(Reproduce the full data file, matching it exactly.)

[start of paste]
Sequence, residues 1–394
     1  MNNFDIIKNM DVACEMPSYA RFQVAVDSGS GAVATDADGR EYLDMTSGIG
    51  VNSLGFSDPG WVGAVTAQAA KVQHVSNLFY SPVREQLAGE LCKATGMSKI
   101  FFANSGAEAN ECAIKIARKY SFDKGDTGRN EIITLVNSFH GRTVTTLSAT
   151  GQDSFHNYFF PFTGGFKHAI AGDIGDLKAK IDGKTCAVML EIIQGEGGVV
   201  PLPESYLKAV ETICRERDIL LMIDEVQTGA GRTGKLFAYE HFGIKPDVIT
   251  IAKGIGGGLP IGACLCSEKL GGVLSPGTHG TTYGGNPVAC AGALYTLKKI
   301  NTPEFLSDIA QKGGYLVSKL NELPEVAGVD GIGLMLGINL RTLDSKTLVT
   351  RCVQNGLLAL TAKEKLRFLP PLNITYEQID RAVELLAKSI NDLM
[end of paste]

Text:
Sequence, residues 1–394
     1  MNNFDIIKNM DVACEMPSYA RFQVAVDSGS GAVATDADGR EYLDMTSGIG
    51  VNSLGFSDPG WVGAVTAQAA KVQHVSNLFY SPVREQLAGE LCKATGMSKI
   101  FFANSGAEAN ECAIKIARKY SFDKGDTGRN EIITLVNSFH GRTVTTLSAT
   151  GQDSFHNYFF PFTGGFKHAI AGDIGDLKAK IDGKTCAVML EIIQGEGGVV
   201  PLPESYLKAV ETICRERDIL LMIDEVQTGA GRTGKLFAYE HFGIKPDVIT
   251  IAKGIGGGLP IGACLCSEKL GGVLSPGTHG TTYGGNPVAC AGALYTLKKI
   301  NTPEFLSDIA QKGGYLVSKL NELPEVAGVD GIGLMLGINL RTLDSKTLVT
   351  RCVQNGLLAL TAKEKLRFLP PLNITYEQID RAVELLAKSI NDLM